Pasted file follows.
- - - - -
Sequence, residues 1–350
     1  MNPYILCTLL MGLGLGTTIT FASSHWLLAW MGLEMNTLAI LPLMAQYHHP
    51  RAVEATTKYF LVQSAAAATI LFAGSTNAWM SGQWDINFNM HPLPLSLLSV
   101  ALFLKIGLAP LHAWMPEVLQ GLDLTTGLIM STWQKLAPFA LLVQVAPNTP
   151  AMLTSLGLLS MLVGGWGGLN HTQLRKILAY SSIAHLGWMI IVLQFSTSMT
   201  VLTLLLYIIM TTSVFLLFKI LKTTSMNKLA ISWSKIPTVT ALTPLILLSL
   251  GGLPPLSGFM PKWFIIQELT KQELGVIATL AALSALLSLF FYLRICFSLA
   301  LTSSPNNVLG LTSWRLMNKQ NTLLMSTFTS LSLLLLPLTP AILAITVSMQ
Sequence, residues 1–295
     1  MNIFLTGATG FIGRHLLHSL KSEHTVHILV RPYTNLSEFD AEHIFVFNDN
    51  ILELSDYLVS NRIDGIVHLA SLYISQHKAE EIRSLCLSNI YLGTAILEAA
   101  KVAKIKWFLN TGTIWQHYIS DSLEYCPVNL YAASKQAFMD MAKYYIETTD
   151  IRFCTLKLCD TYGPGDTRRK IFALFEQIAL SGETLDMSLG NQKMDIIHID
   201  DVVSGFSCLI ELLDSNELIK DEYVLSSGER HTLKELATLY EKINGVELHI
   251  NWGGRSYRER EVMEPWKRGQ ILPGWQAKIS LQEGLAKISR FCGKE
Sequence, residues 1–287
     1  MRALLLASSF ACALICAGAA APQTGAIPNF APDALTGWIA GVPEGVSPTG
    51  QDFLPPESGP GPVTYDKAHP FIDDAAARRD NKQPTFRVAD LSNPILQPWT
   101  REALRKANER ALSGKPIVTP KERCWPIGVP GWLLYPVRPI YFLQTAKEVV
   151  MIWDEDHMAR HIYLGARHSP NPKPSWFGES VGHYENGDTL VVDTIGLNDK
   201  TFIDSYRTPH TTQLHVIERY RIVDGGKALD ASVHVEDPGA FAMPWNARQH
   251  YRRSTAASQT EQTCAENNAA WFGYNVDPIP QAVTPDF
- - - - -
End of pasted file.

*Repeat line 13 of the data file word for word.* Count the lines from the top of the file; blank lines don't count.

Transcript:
   151  IRFCTLKLCD TYGPGDTRRK IFALFEQIAL SGETLDMSLG NQKMDIIHID